clock menu more-arrow no yes

Filed under:

A Telling Stat - Big XII Outrushed Heavily In Bowl Season

New, 6 comments

The Big XII's rushing numbers for the bowl season were... well... not good.

Thomas B. Shea-USA TODAY Sports

Earlier this morning I saw a tweet from ESPN Big XII reporter Jake Trotter that really intrigued me.

This stat is deceiving, because the best Big XII rushing performance is eliminated and the worst rushing defense (ours) is allowed to remain. I took a look at the LSU numbers, and as a team the Tigers rushed for 384 yards on 40 carries. That's an average of 9.6 yards per carry. We only had 30 total rushing yards. That's bad. Originally I thought it was just us being outrushed heavily, but I took a look at the stats from several other bowl games as well.

In the Sugar Bowl, Ole Miss rushed for 207 yards on 37 carries, and Oklahoma State only 63 yards on 30 carries. While not a rushing beatdown to our level, this is still a massive disparity. In the playoff game between Oklahoma and Clemson, Clemson rushed for 312 yards on 58 carries. That's over 5 YPC, which is a great way to lose a game. Oklahoma didn't break 70 total rushing yards on the day (including sacks). Even Baylor, who rushed for over freaking 600, gave up 244 on the ground to the Tar Heels.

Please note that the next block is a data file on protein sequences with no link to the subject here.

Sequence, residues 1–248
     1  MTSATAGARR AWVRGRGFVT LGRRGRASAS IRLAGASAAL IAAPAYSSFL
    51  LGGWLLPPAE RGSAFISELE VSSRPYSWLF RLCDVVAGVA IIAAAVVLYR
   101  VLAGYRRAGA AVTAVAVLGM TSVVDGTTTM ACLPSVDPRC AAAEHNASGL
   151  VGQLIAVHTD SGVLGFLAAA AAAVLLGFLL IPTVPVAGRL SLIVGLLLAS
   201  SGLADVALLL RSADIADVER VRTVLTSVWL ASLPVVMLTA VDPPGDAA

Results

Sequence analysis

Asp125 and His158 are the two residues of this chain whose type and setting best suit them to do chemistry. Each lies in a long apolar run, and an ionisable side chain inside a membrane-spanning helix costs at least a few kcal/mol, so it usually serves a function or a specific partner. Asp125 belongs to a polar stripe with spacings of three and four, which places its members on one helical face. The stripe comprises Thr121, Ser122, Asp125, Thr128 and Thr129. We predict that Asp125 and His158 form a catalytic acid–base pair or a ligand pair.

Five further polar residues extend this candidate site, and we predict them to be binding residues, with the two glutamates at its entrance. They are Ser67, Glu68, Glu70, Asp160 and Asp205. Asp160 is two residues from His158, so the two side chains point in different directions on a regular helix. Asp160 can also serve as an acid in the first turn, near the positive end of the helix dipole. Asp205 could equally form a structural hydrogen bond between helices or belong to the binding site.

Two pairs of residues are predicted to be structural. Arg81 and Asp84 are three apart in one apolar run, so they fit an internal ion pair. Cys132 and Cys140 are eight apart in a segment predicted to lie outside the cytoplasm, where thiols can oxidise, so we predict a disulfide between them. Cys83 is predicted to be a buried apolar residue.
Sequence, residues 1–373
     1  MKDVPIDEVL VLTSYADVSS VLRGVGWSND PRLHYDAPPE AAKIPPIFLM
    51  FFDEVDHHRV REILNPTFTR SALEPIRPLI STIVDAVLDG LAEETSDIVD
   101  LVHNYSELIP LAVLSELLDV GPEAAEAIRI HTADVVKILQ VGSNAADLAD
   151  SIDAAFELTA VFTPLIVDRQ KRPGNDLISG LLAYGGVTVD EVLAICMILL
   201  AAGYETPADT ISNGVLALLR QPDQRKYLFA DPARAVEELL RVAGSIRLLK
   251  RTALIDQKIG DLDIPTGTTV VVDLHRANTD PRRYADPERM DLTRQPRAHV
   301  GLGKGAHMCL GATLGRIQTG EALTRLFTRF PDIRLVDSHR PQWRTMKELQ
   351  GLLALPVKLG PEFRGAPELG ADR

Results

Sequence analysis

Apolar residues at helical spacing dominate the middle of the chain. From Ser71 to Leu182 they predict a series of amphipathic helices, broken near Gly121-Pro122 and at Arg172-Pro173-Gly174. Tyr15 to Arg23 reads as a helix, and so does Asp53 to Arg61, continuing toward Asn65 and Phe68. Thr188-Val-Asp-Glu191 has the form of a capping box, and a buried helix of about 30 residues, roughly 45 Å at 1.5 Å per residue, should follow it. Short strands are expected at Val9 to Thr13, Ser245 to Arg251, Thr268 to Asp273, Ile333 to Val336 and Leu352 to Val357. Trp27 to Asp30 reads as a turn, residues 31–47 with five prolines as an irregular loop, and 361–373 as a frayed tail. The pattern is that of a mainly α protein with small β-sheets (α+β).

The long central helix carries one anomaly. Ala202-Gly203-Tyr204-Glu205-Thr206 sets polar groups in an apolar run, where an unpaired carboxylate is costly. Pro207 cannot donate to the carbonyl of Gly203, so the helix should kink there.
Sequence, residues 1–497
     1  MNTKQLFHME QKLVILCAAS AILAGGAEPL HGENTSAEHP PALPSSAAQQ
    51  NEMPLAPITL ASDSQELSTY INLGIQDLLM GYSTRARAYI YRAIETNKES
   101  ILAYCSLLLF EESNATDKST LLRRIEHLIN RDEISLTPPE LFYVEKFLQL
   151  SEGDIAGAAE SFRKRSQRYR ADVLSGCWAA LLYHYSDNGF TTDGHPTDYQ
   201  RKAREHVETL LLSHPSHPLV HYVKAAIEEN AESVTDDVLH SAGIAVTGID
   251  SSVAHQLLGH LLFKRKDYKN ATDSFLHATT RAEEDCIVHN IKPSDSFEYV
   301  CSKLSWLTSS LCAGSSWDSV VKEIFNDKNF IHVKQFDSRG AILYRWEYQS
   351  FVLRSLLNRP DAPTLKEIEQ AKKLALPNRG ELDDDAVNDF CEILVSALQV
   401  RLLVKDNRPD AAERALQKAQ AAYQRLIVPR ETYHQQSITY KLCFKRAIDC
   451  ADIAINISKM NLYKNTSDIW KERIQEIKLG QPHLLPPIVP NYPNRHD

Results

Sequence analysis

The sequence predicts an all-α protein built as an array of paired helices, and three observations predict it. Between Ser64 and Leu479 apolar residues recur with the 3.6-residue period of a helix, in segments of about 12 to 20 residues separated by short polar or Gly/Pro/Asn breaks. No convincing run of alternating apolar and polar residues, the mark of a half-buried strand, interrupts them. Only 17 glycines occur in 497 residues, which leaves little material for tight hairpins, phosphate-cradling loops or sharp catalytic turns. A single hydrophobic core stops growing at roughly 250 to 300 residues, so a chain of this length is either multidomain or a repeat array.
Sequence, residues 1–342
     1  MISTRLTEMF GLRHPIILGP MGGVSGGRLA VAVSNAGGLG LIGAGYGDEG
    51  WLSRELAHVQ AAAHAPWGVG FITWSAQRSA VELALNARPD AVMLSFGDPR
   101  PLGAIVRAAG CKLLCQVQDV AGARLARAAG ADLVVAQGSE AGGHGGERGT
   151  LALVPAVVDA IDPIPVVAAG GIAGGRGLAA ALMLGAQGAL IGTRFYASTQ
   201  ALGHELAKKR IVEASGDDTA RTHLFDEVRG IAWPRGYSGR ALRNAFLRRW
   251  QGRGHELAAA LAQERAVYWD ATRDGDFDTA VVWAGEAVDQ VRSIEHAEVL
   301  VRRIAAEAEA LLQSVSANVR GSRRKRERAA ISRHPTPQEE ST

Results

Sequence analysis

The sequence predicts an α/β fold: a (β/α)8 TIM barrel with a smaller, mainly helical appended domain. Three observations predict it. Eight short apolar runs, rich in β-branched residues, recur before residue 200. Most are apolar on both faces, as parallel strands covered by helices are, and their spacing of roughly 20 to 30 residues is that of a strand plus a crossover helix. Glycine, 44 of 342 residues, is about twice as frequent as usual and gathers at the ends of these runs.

I'm not sitting here telling y'all that the Big XII is doomed and we all need to switch to I-Formation attacks, both Clemson and Ole Miss ran the ball effectively out of spread formations. What I am telling you is that the high-flying attacks of all the Big XII schools depend heavily on the run, and when they can't run, that's a problem. The worse portion of the stat isn't giving up 1,689 (including Baylor) on the ground, our teams are geared for those types of games. The issue is Baylor outrushing literally everyone else in the conference. We were normally able to score our points, and we weren't.

Texas Tech's individual rushing defense is a whole other animal. We nearly gave up a first down per every LSU carry. It's understandable, all our best players are young, but if we want to have success and more importantly, sustain success, we need to be able to stop the run and run the ball moderately well. I'm a big believer in stats never telling the whole story, but I think this stat best describes what happened.